Circulation of the Croydon Advertiser has nose-dived by more than 40 per cent in just 12 months, according to independently audited figures published today.
The paper’s sales bill last week said “Free cup of coffee for every reader”. Judging by the latest audited circulation figures for the Sadvertiser, the way things are going it won’t be very long before the paper’s Redhill-based editor will be able to make the cups of coffee for each reader personally.
Sales of the Sadvertiser‘s 65p Croydon edition have fallen to barely 8,000 each week, according to the latest figures from the Audit Bureau of Circulations released today.
Even more troublesome for the paper’s owners – Northcliffe Media, a subsidiary of the group that owns the Daily Mail – is the year-on-year 44 per cent drop in overall circulation figures, including all the free papers thrust into letter boxes in the affluent south of the borough. This suggests that the paper is now so bad, you cannot even give it away.
The January to July 2012 circulation figures published by the independent ABC show total distribution – paid-for and free – at
This is down from
for a similar period in 2011.
Given that Croydon has been at the centre of a major worldwide news story – the 8/8 riots – over the past year, this may be seen as a massive vote of no confidence in the newspaper’s editorial offering.
And with circulation falls will follow a drop off in advertising revenue for the paper, the business’s lifeblood.
There remains some speculations, based on accounts from inside sources, that last year’s retreat from headquarter offices in the borough, where the Advertiser had been proud to be based since it was founded in 1869, to cheaper, shared premises away from its traditional home was the only alternative to closure of the title.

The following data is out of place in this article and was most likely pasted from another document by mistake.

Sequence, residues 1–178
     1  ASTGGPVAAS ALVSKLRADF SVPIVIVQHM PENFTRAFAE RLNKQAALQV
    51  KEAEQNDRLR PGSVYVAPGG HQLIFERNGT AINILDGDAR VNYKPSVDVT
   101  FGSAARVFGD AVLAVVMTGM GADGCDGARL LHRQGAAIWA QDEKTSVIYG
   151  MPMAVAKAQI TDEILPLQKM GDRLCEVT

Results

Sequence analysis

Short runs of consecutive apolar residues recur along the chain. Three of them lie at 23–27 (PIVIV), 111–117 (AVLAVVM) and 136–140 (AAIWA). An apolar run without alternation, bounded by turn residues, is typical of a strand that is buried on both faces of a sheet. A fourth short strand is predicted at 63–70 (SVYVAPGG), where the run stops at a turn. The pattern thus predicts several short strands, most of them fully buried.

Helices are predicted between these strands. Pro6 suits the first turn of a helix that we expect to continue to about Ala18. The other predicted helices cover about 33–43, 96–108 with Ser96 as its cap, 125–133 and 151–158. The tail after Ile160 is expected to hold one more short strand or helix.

The weekly product is now managed from Redhill, it is sub-edited at a Northcliffe Media “hub” based in Essex, and its sports editor is based in Tunbridge Wells in Kent. A sort of not-so-local paper.
It seems that the “strategy” to go part paid-for (if you live in the less-well-off neighbourhoods to the north of the borough) and part-free (in the south), introduced in September 2010, has also failed.
“There’s been a whole series of bad decisions made by the management which undermine the paper, week-in, week-out,” one source familiar with the business said today.
With its split editions, editorially the Redhill Sadvertiser tends to the schizophrenic, as a recent Friday demonstrated. Although the paper was a week late with the news of the discovery of the body of Tia Sharpe, the 12-year-old New Addington schoolgirl, the paper’s coverage of the circumstances surrounding the police search was deemed fit for front-page treatment in the “northern” editions only.
Down in Purley and Coulsdon, the front-page splash was a piece of month-old stale political rumour-mongering about the possibility that Boris Johnson might one day stand for election as the MP for Croydon South.
Are the people of the south of Croydon really so detached from New Addington that such a local story with national reach as Tia Sharpe is of no interest to them?
Some local newspapers were today taking consolation from an increase in their online advertising revenues. It remains to be seen whether the Sadvertiser‘s reluctant approach to its website will see digital sales shore up its declining print editions.
It is not just the Sadvertiser among our local newspapers that appears to be in some decline, though. The free local Guardian was the first to scarper to cheaper offices outside Croydon.
This year, the Croydon Guardian has lost some of its most precious resources: its experienced journalists. Matthew Knowles, its respected editor, had his final day last week before taking up an appointment on a regional title in south Wales. Before his departure, three other senior staff had left, two of them – newsman Mike Didymus and sports editor Graham Moody – despite not having a new job to move on to.
And that, you fear, speaks volumes about the state of the local newspaper business.
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